On the alphabetically named streets of Washington, DC, there is no J Street; the naming jumps from I to K. Legend has it that this is the result of a personal spat the architect of the city, Pierre Charles L’Enfant, had with someone whose name started with J. However, for the past two years, the presence of a J Street on Capitol Hill has been shaking up the landscape many had written off as fixed. A political action group, named J Street, has been working to redress a balance in the nation’s capital: the lack of a pro-peace and pro-Israel lobbying voice.
In the hotly contested debates surrounding the role of the United States in the Israeli-Palestinian conflict, “those with the loudest voices and deepest passion seem to gravitate to the extremes and those of us with more nuanced arguments get drowned out,” wrote Jeremy Ben-Ami, the executive director of J-Street, in a blog post celebrating its two-year anniversary.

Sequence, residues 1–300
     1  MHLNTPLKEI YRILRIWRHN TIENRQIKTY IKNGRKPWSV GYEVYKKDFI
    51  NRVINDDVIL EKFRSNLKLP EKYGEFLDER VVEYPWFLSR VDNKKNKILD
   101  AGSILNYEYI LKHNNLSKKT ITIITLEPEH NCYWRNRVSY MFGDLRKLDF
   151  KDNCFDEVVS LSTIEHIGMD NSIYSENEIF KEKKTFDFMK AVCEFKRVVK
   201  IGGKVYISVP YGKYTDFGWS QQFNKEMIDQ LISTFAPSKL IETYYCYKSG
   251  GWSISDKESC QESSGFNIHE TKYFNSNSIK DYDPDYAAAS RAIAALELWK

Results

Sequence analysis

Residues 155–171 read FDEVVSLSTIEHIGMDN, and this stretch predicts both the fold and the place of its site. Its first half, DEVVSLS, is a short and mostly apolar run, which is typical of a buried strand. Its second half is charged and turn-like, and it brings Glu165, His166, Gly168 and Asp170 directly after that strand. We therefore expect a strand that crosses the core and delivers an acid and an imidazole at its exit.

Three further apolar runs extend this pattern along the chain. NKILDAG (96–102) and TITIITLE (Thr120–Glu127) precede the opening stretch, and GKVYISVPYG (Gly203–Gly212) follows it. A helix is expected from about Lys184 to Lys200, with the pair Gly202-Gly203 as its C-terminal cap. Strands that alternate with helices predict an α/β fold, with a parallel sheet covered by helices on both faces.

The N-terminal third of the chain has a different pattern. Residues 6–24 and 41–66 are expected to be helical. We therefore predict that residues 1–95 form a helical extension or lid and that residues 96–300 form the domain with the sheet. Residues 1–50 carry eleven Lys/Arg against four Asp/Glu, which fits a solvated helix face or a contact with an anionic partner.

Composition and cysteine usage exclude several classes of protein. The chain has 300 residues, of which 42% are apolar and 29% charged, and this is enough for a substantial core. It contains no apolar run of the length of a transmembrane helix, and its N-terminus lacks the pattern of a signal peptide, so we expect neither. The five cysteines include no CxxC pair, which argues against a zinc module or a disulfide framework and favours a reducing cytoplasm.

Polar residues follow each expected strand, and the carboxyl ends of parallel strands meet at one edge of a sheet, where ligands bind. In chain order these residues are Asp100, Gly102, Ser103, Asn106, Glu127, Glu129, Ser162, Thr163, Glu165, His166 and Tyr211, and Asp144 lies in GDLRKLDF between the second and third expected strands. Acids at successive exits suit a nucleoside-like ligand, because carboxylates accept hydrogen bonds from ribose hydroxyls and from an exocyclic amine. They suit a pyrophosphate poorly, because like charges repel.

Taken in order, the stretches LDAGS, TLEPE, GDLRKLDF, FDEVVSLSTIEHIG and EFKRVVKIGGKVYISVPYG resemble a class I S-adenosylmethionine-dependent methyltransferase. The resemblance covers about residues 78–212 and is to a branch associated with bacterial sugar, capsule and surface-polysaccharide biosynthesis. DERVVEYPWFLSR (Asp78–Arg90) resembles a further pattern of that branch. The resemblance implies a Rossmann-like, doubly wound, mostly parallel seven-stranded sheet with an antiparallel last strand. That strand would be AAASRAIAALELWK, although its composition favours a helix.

Also See: J Street, Lobby of the “Silent Majority”
J Street is working to redress this, as an “organization [that] gives political voice to mainstream American Jews and other supporters of Israel who believe that a two-state solution to the Israeli-Palestinian conflict is essential to Israel’s survival as the national home of the Jewish people and as a vibrant democracy,” according to its web site.
Founded in April 2008, J Street’s mission is two-fold: firstly, it advocates for urgent American diplomatic leadership to achieve a two-state solution; and, secondly, it works ensure a broad debate on Israel and the Middle East in national politics and the American Jewish community.